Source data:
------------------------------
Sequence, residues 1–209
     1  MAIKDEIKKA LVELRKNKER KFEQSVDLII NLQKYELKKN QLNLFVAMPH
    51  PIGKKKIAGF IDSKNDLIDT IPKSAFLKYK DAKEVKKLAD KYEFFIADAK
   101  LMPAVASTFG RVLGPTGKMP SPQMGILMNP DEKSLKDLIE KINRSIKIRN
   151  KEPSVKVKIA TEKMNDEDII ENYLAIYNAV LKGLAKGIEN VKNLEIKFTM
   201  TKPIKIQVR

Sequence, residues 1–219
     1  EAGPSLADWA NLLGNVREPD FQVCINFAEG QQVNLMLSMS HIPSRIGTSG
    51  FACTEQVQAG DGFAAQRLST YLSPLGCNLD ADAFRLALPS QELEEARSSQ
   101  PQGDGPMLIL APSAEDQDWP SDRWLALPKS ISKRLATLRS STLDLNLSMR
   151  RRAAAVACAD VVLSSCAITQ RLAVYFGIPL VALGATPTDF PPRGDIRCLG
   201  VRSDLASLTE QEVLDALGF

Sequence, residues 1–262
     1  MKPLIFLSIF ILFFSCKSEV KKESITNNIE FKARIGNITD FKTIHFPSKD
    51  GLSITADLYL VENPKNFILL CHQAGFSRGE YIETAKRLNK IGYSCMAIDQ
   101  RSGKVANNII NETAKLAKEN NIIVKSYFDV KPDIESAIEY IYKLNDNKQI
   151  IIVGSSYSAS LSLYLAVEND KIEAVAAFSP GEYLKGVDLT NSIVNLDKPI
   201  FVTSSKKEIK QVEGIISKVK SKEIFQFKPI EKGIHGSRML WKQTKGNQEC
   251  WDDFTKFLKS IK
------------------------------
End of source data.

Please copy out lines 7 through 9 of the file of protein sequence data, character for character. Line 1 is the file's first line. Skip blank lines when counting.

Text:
Sequence, residues 1–219
     1  EAGPSLADWA NLLGNVREPD FQVCINFAEG QQVNLMLSMS HIPSRIGTSG
    51  FACTEQVQAG DGFAAQRLST YLSPLGCNLD ADAFRLALPS QELEEARSSQ